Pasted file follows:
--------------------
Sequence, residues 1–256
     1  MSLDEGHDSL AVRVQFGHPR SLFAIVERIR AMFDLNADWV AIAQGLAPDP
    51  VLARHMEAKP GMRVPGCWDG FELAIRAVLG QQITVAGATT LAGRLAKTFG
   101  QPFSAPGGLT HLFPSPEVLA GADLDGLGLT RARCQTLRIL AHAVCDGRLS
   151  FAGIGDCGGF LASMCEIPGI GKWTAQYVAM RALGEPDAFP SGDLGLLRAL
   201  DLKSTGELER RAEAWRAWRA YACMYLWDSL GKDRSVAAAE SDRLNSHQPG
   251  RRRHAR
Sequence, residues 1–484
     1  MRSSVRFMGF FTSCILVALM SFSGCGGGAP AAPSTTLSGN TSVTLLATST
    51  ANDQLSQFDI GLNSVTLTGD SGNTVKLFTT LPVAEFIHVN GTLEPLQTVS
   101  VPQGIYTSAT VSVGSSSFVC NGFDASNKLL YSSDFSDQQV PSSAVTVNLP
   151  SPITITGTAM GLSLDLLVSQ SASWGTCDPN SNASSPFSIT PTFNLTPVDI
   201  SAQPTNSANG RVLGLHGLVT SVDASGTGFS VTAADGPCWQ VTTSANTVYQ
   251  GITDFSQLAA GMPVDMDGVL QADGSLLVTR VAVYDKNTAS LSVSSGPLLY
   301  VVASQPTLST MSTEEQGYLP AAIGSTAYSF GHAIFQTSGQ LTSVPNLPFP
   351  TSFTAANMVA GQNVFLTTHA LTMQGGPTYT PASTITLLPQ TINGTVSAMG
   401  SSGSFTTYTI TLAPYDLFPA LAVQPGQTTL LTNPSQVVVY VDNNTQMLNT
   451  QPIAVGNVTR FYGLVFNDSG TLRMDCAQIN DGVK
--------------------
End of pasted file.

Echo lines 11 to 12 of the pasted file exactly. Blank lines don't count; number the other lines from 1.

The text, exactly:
   101  VPQGIYTSAT VSVGSSSFVC NGFDASNKLL YSSDFSDQQV PSSAVTVNLP
   151  SPITITGTAM GLSLDLLVSQ SASWGTCDPN SNASSPFSIT PTFNLTPVDI